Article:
Obviousness

Introduction "Be more obvious" (or "be less original") and "be more boring" are 2 famous phrases by Keith Johnstone - I picked up these phrases almost 20 years ago.  Back then I had trouble understanding them:  I would be seeing great improv, and marvel at the "originality" of what the performers pulled out of their … Continue reading Obviousness

Protagonists & Antagonists – Part II

Introduction In a previous post ( Protagonists & Antagonists - Part I ) I outlined the use in impro of storytelling concepts like protagonists, antagonist and sidekicks, from a theoretical point of view.  In this post I explain how I use these in an improv workshop setting. In workshopping I tend to let the players discover … Continue reading Protagonists & Antagonists – Part II

Protagonists & Antagonists – Part I

Introduction Here is a little model. Think of it as a storytelling model, applied to improv. It’s a bit theoretic, but it can really be applied; see the last section for how this material came about and why it is useful. While explaining the model I will use plenty of examples for scripted stories. In … Continue reading Protagonists & Antagonists – Part I

Trains & Tracks

Here is another metaphor I like to use in many of the workshops  I teach.  It originated from a statement by a fellow improv player and it’s the title of the first section of this post below. “Long form is Fragile” A great friend of mine, Dimitri Desmyter, saw one of our RIOT tryouts in … Continue reading Trains & Tracks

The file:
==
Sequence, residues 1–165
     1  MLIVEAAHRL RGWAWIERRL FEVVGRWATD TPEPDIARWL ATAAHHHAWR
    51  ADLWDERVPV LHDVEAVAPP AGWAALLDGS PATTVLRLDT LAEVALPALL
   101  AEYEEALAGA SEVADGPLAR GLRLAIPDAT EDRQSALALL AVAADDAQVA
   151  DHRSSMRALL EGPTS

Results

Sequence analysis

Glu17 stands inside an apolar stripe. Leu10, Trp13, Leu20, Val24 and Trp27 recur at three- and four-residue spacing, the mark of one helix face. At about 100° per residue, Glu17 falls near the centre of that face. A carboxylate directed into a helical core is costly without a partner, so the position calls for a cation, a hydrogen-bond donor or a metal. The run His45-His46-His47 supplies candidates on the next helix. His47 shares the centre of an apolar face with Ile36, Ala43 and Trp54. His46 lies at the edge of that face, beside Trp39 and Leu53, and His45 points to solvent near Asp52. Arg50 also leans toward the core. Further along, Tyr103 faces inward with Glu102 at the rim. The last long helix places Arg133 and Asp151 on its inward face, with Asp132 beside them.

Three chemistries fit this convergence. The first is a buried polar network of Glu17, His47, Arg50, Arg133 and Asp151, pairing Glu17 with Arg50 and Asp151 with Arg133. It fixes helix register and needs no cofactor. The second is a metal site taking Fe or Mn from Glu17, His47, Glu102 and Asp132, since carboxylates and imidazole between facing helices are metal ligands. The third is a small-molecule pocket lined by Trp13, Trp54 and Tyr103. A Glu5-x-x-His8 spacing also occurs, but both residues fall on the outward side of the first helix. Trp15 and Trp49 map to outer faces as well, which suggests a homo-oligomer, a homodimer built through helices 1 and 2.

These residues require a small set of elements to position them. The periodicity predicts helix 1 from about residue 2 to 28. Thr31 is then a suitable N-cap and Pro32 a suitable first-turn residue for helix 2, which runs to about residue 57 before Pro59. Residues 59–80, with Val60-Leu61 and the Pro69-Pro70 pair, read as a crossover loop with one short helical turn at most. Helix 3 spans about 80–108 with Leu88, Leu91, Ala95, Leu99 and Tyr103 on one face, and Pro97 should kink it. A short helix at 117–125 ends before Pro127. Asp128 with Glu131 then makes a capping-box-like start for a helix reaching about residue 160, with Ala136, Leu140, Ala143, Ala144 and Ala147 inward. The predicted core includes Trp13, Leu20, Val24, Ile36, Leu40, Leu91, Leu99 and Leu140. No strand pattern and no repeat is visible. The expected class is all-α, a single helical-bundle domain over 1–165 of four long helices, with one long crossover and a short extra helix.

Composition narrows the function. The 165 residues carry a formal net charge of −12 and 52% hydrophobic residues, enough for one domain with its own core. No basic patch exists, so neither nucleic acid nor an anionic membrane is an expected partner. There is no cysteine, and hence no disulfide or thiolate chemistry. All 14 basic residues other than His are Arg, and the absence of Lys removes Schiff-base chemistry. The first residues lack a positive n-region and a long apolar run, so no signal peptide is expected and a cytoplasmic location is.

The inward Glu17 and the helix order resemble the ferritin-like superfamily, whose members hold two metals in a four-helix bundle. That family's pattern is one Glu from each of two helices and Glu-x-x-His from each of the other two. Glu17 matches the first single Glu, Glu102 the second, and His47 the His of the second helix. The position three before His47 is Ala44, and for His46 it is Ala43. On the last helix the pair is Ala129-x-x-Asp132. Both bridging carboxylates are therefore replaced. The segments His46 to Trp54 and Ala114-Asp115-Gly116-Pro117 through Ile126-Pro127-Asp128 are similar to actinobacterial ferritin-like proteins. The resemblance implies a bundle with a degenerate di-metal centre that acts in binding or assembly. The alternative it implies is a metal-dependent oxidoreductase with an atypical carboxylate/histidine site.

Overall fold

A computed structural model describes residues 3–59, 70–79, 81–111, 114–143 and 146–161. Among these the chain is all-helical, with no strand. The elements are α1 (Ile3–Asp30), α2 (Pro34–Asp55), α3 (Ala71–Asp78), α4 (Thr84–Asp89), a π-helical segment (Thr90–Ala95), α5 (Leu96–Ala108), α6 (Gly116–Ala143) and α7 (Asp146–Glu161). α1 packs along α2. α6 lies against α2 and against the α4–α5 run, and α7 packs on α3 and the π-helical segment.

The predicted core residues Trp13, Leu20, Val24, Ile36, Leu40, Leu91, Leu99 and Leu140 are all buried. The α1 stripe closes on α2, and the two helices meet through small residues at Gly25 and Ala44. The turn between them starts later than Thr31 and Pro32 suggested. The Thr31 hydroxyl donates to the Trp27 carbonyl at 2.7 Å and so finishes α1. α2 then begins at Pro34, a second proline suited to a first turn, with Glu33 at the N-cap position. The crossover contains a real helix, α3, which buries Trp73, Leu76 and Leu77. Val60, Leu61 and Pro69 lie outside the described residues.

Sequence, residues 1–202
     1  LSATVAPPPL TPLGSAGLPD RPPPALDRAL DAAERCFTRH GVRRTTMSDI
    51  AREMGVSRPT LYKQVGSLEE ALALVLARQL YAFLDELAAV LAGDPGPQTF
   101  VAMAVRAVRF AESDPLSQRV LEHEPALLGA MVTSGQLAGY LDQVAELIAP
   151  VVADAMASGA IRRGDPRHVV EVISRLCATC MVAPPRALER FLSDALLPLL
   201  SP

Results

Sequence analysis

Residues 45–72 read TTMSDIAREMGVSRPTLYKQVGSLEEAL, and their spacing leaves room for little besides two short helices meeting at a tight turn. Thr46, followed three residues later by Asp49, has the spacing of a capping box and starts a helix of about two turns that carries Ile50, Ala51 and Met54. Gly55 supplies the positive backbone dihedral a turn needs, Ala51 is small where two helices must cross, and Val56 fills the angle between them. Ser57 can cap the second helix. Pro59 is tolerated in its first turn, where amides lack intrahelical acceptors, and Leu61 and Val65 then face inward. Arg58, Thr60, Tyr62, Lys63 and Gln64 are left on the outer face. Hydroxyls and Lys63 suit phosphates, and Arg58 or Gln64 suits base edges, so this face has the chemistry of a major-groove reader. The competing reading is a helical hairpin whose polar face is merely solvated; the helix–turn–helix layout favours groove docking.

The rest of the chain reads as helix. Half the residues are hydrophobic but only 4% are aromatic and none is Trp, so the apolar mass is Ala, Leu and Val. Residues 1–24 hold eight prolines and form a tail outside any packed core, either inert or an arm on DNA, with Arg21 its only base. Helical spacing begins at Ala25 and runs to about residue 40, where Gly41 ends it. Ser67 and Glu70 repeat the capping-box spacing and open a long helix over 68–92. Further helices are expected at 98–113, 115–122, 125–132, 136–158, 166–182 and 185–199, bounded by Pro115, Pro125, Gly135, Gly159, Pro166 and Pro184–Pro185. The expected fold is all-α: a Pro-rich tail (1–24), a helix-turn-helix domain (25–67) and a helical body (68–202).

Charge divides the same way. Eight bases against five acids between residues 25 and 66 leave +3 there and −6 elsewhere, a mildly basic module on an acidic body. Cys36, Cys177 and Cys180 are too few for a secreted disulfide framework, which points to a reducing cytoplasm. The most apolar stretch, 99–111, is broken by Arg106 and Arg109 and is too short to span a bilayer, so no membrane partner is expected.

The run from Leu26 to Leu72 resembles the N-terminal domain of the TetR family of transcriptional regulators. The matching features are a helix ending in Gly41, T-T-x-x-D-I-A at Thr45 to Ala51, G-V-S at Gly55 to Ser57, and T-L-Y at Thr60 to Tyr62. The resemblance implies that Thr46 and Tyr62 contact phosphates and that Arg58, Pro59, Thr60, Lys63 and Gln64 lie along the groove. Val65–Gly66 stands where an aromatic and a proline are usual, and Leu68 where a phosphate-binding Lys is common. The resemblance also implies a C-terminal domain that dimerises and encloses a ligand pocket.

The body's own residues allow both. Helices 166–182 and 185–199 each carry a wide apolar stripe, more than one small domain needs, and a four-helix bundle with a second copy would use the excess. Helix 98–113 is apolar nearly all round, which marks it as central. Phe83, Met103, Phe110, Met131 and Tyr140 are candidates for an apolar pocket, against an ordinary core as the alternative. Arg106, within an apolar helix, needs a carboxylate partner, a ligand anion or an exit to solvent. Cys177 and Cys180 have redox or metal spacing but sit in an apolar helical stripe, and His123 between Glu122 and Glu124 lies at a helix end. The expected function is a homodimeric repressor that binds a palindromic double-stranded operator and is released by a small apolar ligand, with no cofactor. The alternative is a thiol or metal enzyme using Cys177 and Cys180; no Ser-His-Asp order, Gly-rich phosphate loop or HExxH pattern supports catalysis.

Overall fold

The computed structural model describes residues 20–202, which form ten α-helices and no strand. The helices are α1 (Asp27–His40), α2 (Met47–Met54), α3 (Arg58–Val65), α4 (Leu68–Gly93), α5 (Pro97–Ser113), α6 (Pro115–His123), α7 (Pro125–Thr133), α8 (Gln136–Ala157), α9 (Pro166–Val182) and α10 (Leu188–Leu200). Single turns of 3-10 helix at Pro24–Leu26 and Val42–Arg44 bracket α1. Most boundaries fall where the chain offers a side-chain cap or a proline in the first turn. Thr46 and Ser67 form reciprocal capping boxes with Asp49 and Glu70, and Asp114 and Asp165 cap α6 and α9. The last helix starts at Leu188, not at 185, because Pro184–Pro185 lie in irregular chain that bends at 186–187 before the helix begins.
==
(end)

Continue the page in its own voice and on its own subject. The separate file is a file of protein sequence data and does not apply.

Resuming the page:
Character-Driven Narrative

Introduction As improvisers we invent stories; by training we are good at that.  Admittedly, narrative is not equally important in every style of improv.  One might argue that narrative is less important in short form than in long form (I have no particular opinion about that argument and am not particularly endorsing it).  Some formats … Continue reading Character-Driven Narrative

Martha Stewart Improv

Introduction I have warned the readers of this blog that I’m a pretty opinionated guy when it comes to improv. Here’s a topic I feel strongly about. In workshops  with established groups (that is, not with absolute beginners), I’ll often ask the participants to name the stories, books, plays, movies & TV-shows they like best. … Continue reading Martha Stewart Improv